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Scientific Methods 

It's taken five years, but the rest of the world might finally be catching up to TV on the Radio (TVOTR). The Brooklyn band's first two LPs, Desperate Youth, Blood Thirsty Babes (2004) and Return to Cookie Mountain (2006), despite each containing one of their year's top pop pleasures (paranoid anthem "Staring at the Sun" and the white-hot "Wolf Like Me," respectively), were less like albums than dense labyrinths of sound, each track a hall of mirrors reflecting bygone styles with a decidedly postmodern lens. Barbershop doo-wop got down to a breakbeat, a cappella fell for accompanying synths, and horns and strings swirled into a buzzing screen of homogenous, white-noise static. TV on the radio, indeed.

With Dear Science, released in September on Interscope Records, the quintet hasn't so much come back down to earth as given everyone else permission to blast off. Witness "Golden Age," the album's definitive statement. Handclaps crackle and guitars pine nervously; an electronic orchestra pulses while bass lines drop like pistons. Above the fray, Kyp Malone's falsetto vocals float, flutter and fly away: "The age of miracles/ The age of sound/ There's a golden age/ Comin' "round, comin' "round, comin' "round."

Malone, who shares mic duties with frontman Tunde Adebimpe, joined TVOTR in 2003 after hearing an early CD-R by Adebimpe and producer/multi-instrumentalist David Andrew Sitek. "I met them when Dave still didn't have Pro Tools," he says. "I had listened to (debut EP) OK Calculator and had seen them live and liked them as people, but wasn't really here or there until I heard the roughs for the Young Liars EP. I was booking shows for a band I was in, and I invited them to play. And then they invited me to play. I kept doing it."

His first original songs for the group came on Desperate Youth, not coincidentally TVOTR's creative and critical breakthrough. Malone's contributions helped clarify its vision from the scattershot electronica of OK Calculator, but the singer/guitarist deflects the majority of the band's credit to its founder. "Tunde's easily one of my favorite living songwriters," he says. "I feel really fortunate to count among close personal friends the people whose work I respect the most. And a lot of them are in this band."

Sitek handles the bulk of the programming and production, and his work with TVOTR has spawned a fruitful side-career as a record producer. Recent projects include the full-length debut by Dragons of Zynth, works by fellow Brooklynites the Yeah Yeah Yeahs and Liars, and Scarlett Johannson's Anywhere I Lay My Head, a reimagining of Tom Waits that was recorded at the Dockside Studio in Maurice, La., and released to mixed reviews in May.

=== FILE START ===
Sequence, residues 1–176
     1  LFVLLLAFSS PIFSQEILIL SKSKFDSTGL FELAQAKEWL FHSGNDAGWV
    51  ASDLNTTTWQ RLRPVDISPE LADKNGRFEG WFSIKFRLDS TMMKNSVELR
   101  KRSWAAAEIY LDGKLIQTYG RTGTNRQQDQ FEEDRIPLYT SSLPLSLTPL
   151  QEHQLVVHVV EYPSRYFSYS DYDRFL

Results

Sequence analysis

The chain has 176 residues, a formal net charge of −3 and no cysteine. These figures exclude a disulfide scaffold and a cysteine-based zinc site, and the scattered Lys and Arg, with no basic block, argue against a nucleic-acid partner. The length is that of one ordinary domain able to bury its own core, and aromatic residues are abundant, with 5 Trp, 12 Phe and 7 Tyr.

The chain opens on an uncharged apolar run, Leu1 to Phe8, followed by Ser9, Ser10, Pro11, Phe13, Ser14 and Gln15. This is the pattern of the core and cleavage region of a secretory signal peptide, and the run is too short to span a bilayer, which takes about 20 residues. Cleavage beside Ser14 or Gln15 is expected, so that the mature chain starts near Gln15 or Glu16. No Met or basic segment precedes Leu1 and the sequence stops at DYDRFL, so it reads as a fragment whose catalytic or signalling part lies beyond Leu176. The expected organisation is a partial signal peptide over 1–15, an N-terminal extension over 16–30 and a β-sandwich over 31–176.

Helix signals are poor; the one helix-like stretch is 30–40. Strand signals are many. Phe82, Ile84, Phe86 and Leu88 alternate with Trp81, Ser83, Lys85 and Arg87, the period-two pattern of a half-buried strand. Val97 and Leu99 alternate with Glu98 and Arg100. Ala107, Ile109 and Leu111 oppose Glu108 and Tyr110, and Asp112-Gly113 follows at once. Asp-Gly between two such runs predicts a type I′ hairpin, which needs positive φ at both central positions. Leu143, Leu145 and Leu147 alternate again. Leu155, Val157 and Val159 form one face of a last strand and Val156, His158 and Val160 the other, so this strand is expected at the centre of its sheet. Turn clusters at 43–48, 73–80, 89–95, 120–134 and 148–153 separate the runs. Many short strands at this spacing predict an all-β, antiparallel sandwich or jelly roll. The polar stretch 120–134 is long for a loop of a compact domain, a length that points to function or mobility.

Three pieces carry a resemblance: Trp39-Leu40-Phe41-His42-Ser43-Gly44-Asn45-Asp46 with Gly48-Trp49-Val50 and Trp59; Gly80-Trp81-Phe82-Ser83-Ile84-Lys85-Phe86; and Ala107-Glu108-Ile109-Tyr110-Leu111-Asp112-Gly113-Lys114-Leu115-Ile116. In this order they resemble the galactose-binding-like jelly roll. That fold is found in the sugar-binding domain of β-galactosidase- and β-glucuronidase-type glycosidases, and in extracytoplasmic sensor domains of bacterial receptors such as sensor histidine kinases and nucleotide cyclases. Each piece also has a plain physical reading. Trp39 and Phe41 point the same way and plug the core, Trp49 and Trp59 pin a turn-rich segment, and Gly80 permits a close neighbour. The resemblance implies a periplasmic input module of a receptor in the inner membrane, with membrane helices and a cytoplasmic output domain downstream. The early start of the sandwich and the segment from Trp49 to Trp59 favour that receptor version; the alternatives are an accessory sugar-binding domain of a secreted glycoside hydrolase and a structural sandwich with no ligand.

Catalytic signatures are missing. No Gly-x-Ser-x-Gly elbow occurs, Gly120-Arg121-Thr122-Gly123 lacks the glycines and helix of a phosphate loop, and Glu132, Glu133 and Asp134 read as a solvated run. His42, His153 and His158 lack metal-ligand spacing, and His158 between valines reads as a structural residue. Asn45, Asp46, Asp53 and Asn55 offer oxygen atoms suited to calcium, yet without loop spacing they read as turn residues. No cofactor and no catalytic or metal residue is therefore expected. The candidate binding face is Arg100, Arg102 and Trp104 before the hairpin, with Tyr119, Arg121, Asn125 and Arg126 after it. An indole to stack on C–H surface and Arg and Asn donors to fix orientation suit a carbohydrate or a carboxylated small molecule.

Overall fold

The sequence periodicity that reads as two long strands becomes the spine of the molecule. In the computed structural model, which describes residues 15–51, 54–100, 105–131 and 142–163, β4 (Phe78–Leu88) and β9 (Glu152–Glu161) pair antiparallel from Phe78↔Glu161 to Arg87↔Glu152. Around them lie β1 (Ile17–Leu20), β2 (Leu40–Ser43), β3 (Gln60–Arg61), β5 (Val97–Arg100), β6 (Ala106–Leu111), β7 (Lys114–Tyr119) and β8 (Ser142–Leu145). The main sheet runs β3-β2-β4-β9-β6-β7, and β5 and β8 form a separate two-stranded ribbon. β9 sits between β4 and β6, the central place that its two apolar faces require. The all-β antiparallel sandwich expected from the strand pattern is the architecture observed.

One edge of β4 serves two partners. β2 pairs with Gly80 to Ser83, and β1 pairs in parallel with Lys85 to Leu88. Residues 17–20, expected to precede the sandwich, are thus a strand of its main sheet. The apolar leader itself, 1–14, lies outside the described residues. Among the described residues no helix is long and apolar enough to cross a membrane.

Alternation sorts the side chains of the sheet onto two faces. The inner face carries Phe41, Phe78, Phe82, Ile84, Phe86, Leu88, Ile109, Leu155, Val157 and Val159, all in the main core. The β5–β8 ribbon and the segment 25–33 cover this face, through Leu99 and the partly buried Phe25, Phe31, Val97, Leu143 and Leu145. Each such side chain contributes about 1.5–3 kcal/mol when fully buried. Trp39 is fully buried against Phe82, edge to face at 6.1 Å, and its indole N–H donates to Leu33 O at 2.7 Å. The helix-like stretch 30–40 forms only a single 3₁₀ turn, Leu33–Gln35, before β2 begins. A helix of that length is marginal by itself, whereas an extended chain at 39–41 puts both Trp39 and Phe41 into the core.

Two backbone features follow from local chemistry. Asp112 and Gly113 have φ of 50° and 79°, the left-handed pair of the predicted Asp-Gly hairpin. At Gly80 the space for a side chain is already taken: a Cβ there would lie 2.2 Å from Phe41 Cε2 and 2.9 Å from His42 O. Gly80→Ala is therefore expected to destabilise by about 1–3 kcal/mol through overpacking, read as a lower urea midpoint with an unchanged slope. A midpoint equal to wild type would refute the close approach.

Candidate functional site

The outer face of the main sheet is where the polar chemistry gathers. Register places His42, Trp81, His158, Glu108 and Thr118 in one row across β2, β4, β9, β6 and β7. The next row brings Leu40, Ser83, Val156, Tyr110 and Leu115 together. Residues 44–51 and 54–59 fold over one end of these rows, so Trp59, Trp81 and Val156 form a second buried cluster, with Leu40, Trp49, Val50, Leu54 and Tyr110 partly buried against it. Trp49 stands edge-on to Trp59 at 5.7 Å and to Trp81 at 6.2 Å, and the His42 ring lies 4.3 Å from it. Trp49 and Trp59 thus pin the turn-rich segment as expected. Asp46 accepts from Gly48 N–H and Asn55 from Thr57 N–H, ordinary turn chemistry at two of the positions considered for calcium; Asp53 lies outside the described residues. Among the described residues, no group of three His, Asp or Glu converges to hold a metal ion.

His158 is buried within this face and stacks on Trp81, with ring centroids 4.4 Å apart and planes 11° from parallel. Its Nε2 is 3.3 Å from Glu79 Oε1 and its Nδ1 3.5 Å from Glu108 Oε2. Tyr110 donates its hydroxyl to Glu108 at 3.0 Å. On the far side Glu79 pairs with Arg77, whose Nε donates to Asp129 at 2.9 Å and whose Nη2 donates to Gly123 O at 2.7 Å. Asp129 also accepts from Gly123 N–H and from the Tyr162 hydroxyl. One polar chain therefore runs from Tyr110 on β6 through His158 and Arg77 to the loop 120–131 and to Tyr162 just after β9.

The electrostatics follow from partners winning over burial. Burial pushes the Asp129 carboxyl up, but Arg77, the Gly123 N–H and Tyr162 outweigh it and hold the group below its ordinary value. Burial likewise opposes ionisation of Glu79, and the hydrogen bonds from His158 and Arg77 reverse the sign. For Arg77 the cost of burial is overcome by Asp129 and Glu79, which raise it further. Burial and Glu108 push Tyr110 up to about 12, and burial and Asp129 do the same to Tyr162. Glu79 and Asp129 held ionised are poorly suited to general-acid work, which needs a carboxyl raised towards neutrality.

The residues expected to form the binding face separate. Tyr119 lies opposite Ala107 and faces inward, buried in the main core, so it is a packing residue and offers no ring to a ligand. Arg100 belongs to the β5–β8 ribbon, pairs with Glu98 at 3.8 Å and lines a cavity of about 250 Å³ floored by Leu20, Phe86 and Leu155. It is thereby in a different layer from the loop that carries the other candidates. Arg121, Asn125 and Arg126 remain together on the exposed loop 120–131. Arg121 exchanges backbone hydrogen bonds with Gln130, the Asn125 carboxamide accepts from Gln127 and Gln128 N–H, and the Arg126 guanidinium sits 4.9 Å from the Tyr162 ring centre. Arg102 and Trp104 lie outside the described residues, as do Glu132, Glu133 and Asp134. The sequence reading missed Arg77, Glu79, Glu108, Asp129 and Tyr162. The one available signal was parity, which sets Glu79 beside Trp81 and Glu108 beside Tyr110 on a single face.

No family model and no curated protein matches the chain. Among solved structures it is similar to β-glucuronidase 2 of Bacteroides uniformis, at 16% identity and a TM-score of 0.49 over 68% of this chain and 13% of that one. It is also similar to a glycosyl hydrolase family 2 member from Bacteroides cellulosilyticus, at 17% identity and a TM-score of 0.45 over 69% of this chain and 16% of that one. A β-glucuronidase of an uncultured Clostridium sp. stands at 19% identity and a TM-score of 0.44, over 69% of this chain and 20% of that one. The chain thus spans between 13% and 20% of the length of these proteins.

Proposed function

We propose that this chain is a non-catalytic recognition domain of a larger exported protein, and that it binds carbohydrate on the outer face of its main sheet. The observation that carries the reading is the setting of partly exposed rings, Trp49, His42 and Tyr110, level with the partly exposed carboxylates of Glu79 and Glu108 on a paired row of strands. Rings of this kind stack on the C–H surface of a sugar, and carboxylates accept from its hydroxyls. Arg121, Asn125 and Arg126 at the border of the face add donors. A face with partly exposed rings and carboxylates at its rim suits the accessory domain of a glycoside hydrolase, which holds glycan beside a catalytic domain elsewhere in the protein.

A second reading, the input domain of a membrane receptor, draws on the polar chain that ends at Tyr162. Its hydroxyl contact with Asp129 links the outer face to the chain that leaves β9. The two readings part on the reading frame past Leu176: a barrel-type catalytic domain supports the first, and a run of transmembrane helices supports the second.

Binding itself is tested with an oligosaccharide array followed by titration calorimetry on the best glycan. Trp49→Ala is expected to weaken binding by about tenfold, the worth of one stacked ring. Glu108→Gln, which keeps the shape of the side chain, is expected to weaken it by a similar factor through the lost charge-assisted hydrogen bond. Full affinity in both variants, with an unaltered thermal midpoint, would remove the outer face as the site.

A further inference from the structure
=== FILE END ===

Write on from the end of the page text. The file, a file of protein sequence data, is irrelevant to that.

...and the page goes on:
'I've heard a lot of strong opinions about that," Malone says. "But when I hear it, I know what he was doing, or what he was referencing, what he was creating. All the musicians, and Scarlett, and the writing of Tom Waits I don't know. I think it's something he should be super proud of."

Malone believes that Sitek's growth as a producer has now led to a signature style. "I hear Dave on the records that he produces, oftentimes, but I don't hear TV on the Radio," he offers. "I feel like I could listen to something on [a] record and I could point to an aspect, a Sitek earmark. But everyone in the band's got a lot of ideas, so a lot of those ideas get through."

That notion is confirmed on Dear Science, which features increased songwriting contributions from bassist Gerard Smith and drummer Jaleel Bunton. The latter co-wrote "Crying," the album's second track and a probable second single, with Malone.

'There were ideas that Jaleel was working on, and as soon as I heard the bass line, I could hear the song almost entirely, the basis of the song," Malone says. "I cut it up with him, sang a scratch vocal, and gave it back to him. And he put keys on it, and Dave put stuff on it, and we just kept passing it back and forth."

The bright dance/funk vibe of "Crying" is a spoonful of sugar for the song's severe lyrics: "Laugh in the face of death under masthead," Malone sings over skittering guitar scratch. "Hold your breath through late-breaking disasters/ Next to news of the trite." It's a favorite bait-and-switch for TV on the Radio, for whom the line between the personal and the political gets blurrier with every persuasive album.

'There's always, every day, an opportunity for accepting a new way and a different road than the road we're on," Malone says. "The road that we're on, it's clearly headed to destruction. And I'm talking like the f***ing apocalyptic Christian I was raised to be. Everything around us is calling for change — not just cosmetic change, but real change. The icecaps are melting. We're poisoning ourselves and the planet with our entire way of life. We're gonna run out of oil. All this on-the-brink sh** happening all over the place. I want to be optimistic, and I'm trying to be optimistic that there is an opportunity in a pretty dark time — and getting darker — to change course."

He pauses. "Maybe I'll write a song about it."

click to enlarge JOHNNY BUZZERIO


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